Using google slides or another presentation method is not compatible with the licences that Commons use, unless you download or save the photo essay as a pdf and then submit the pdf to the competition.
How to tag a collection of photo as photo essay ?
- Create a page with a title such as [[Commons:Wiki Loves Africa 2017/photo essay/foo]] (with foo being your specific title)
- Add the category [[Category:Photo essai from Wiki Loves Africa 2017]] to that page
List your page below
What is a photo essay?
A photo-essay is a set or series of photographs that are made to create series of emotions in the viewer. A photo essay will often show pictures in deep emotional stages. Photo essays range from purely photographic works to photographs with captions or small comments to full text essays illustrated with photographs.
Examples of photo essays include:
- An article in a publication, sometimes a full page or a two-page spread
- A book or other complete publication.
- A web page or portion of a web site.
- A single montage or en:collage of photographic images, with text or other additions, intended to be viewed both as a whole and as individual photographs. Such a work may also fall in the category of en:mixed media.
- An en:art show which is staged at a particular time and location. Some such shows also fall into other categories category.
- In en:fashion publishing especially, a photo-editorial – an editorial-style article dominated by or entirely consisting of a series of thematic photographs
What we would be looking for
Within the theme of People at Work, we would be looking for photo-essays within either of those two sub-themes
- Working Women or
- Rare, Fading or Threatened Traditional Craft, Styles or Ways of Working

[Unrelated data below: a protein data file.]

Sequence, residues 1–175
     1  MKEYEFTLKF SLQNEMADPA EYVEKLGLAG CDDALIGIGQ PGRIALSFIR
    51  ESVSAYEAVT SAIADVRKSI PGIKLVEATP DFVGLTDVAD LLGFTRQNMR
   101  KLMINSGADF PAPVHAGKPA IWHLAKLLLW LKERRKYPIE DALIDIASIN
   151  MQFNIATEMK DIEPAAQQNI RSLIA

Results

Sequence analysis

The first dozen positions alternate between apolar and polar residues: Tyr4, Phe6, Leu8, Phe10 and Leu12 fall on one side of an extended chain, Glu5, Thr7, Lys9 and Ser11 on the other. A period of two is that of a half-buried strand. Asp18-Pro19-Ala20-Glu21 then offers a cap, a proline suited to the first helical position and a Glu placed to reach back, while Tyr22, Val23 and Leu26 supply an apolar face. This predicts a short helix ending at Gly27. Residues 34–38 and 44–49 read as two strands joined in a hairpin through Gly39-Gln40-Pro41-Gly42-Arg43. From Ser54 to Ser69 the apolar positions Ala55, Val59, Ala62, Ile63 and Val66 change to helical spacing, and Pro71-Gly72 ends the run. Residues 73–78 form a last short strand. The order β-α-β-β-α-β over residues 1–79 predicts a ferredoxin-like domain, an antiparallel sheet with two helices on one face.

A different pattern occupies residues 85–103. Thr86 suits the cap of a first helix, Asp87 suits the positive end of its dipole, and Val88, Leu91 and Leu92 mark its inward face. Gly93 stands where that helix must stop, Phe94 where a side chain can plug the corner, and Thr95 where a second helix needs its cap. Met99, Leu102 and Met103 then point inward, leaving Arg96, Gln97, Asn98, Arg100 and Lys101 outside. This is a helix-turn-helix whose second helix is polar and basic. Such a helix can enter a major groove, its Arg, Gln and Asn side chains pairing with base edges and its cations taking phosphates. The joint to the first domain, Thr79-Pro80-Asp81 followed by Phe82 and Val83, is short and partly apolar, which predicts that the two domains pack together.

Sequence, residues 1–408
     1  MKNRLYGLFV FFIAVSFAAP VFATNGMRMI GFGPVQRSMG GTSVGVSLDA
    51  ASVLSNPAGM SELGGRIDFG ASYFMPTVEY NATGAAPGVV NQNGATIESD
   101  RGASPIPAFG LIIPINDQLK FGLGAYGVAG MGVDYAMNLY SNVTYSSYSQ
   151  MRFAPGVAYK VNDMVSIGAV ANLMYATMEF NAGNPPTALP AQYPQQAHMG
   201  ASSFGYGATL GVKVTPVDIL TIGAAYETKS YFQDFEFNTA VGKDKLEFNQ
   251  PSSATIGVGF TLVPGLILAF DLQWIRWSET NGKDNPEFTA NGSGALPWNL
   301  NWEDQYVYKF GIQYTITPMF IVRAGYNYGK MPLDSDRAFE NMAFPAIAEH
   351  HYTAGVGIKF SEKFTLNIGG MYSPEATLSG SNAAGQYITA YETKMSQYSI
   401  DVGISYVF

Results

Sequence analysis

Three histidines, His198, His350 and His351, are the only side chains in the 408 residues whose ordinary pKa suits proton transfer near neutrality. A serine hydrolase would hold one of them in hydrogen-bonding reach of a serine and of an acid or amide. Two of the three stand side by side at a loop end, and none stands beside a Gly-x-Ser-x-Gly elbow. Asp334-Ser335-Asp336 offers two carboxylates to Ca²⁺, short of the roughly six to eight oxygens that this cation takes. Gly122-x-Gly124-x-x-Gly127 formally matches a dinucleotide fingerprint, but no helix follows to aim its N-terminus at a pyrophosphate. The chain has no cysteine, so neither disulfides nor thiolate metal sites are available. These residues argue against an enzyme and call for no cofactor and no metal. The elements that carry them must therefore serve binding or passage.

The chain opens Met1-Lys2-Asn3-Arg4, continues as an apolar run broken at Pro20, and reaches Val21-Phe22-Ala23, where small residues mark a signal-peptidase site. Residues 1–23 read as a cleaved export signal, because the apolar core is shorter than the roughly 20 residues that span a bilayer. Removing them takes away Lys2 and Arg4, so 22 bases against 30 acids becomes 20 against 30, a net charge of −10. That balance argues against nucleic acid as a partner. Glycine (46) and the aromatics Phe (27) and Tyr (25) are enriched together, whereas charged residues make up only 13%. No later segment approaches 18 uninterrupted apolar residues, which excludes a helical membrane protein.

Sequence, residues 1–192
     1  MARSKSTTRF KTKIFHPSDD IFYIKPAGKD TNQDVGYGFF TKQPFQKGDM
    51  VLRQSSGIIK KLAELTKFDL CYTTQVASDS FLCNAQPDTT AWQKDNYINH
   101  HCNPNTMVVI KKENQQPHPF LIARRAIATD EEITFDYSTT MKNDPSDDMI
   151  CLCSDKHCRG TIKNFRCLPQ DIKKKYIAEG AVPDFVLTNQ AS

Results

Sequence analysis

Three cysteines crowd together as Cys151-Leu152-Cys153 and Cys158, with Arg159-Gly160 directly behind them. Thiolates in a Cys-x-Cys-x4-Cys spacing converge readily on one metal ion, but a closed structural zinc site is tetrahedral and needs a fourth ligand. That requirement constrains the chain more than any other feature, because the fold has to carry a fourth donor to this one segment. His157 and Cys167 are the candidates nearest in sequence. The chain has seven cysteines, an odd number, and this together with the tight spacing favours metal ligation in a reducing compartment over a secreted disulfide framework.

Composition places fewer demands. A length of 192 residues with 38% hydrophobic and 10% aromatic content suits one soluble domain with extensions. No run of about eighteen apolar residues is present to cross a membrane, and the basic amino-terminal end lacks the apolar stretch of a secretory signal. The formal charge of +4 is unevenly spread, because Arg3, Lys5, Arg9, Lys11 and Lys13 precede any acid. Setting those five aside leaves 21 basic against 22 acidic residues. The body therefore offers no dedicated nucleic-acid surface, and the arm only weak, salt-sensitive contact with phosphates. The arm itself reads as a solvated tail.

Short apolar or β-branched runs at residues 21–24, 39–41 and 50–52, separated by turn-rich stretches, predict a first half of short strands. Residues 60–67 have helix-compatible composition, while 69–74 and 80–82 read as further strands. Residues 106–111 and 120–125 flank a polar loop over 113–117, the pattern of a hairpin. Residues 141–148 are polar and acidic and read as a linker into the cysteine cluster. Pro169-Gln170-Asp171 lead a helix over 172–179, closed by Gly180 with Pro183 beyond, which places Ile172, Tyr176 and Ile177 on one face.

A photo essay could be
- a series of people at the same occupation but in different contexts example, or
- several people of a similar group doing different work, example1 or example2
- a montage of images that explores one person going through the process of working example or
- a montage of images that explores a women-related professional issue example
The photo essay could be either
- a collection of photos with brief but descriptive legend for each photo example 1;
- a more wordy narrative with illustrative photos example 1; example 2
The photo essay may be proposed
- by one person or a group of people
We are aware that a photo-essay requires a significant amount of time and energy, but we think this approach could be a wonderful communication tool on the above listed topics. The photo-essay could be hosted not only in a Commons page, but also posted on a blog (such as the Wikimedia Foundation blog). A good photo-essay about working women could be relayed within the Wiki Loves Women network. A good photo-essay about Rare, Fading or Threatened Traditional Craft, Styles or Ways of Working would be likely to be relayed by Unesco. A good photo-essay could be published in a photo exhibition, during Wikimania 2018 in Cap Town or beyond.
If you are interested in submitting a photo-essay, do not hesitate to get in touch with us. We (the central team or the local teams) can probably help with the narrative.